Lore has it that Tom Baker was in a horrible mood with this story, and transferred his grouchiness into what seems like genuine fear on camera. He’d clashed with the director, the fantastic Paddy Russell, before, and was butting heads with his co-star, Louise Jameson, because he was under the impression that he didn’t actually need a co-star. For the next four seasons, there are pah-lenty of stories of Tom Baker causing headaches for everybody around him behind the scenes, and making Williams’ job extraordinarily difficult!

The tension really works here. “Fang Rock” is a textbook example of a claustrophobic story. It’s all set in a lighthouse on a remote, craggy shore on a dark and foggy night. I don’t like some of the visuals, and a few of the actors really don’t impress me. Colin Douglas, who had been in “The Enemy of the World,” is the only guest star that I really like in this one, but I think it’s a super story. For something that had such a frantic production, it’s very impressive, and our son’s right, it really is creepy.

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Doctor Who: The Enemy of the World (parts five and six)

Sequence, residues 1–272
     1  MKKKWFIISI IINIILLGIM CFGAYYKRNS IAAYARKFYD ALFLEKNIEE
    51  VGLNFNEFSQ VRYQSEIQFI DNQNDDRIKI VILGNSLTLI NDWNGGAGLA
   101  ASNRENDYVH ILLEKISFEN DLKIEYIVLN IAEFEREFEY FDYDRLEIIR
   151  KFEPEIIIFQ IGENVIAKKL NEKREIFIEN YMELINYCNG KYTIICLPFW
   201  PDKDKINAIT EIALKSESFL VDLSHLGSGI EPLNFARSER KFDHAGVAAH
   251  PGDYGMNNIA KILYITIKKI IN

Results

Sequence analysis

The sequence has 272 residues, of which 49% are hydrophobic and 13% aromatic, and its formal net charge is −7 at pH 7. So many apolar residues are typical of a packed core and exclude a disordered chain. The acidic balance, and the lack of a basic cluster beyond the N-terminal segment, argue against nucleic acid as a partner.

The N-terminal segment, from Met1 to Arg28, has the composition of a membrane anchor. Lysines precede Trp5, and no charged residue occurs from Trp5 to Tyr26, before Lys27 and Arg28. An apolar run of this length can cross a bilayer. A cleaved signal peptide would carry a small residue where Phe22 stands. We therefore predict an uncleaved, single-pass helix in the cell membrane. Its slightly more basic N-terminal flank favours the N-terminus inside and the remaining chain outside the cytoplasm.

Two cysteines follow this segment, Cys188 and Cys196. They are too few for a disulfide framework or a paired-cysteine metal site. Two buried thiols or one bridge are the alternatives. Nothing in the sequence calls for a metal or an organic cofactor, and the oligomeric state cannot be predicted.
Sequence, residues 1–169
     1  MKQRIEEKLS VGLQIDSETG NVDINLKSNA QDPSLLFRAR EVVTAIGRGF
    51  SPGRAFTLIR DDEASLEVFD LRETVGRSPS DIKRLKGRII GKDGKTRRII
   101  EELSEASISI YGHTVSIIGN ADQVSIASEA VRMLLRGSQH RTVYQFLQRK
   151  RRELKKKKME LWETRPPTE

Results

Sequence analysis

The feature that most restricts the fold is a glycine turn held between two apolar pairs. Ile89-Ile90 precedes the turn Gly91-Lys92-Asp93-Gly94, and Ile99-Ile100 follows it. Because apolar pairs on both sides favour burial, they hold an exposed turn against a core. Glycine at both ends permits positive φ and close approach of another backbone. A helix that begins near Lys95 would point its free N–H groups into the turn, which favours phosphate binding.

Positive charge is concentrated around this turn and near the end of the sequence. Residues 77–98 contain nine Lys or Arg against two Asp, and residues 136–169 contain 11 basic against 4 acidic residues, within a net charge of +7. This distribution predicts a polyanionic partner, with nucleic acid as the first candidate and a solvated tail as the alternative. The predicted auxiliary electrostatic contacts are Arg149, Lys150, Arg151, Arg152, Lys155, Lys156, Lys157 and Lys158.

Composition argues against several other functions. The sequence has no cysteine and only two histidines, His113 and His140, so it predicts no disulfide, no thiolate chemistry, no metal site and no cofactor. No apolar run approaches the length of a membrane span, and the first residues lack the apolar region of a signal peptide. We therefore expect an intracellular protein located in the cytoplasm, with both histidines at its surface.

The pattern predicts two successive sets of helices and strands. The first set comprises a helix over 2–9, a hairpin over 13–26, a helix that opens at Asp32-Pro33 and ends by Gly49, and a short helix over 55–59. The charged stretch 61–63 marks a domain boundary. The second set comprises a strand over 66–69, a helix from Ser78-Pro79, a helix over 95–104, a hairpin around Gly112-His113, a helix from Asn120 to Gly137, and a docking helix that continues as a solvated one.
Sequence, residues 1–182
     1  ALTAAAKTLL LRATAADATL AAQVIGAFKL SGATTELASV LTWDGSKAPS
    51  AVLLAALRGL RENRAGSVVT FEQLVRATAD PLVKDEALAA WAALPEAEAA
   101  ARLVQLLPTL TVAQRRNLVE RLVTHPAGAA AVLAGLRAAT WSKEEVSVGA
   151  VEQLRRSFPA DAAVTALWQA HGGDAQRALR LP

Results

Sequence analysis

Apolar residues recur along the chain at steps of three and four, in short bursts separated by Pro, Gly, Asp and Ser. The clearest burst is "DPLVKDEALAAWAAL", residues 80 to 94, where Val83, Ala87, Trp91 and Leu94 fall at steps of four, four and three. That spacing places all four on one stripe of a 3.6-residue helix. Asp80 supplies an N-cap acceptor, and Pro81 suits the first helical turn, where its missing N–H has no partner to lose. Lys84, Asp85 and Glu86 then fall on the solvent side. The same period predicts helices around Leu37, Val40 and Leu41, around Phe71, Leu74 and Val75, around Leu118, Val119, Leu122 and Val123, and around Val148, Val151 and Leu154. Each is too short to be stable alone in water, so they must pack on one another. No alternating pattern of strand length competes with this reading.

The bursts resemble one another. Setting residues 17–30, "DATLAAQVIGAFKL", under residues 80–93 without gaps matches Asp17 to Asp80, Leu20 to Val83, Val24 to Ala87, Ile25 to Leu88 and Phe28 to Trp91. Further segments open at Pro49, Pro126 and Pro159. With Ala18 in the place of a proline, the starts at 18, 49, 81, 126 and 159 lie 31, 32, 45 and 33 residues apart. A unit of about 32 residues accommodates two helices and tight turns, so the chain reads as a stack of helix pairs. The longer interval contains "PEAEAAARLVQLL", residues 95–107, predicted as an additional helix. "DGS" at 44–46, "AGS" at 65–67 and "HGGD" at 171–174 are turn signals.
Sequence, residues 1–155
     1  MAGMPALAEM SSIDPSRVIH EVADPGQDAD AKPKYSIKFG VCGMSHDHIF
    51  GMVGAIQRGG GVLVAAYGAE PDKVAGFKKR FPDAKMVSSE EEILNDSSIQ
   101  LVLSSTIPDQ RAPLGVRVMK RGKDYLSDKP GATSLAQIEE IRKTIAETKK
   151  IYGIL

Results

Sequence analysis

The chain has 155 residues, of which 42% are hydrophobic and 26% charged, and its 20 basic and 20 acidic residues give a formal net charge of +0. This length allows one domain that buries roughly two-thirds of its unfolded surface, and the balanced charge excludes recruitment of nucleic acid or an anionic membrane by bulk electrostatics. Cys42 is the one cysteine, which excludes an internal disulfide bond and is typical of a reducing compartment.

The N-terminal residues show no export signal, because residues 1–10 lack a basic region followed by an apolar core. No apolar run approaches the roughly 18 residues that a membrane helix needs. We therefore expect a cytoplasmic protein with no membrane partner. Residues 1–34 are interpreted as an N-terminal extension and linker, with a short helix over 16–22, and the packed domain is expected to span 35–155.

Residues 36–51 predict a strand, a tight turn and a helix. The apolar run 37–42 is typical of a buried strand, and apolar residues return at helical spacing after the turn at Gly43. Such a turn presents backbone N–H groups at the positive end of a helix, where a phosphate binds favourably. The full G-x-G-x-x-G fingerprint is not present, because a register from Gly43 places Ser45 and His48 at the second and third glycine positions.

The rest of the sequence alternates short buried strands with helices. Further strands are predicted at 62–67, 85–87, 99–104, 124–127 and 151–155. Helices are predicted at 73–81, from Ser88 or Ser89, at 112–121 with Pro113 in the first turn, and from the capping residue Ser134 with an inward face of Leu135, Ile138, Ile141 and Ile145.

Unfortunately, our son is so unhappy with this story that we went ahead and wrapped it up tonight rather than aggravate him any longer than necessary. Nothing really satisfied him with it, though I’m pretty sure the next one we watch will please him more. I honestly didn’t think he’d be wild about it, but the level of his boredom was still a little surprising to me.

For grownups, this really was a pleasure, happy to say. There’s another good twist at the end, and the climactic fight with Salamander is, while far too brief, nevertheless thrilling. I’m fairly sure that Salamander is the first villain to ever make his way inside the TARDIS, and you really feel that sense of occasion and weight, as Patrick Troughton plays both characters, each injured, with gravity and anger. It’s a terrific moment.

In fact, the only thing not to love about this story is the awful performance of an actor named Adam Verney in the role of Colin, one of Salamander’s stooges. There are worse – way, way worse – to come, but wow, is he ever theatrical.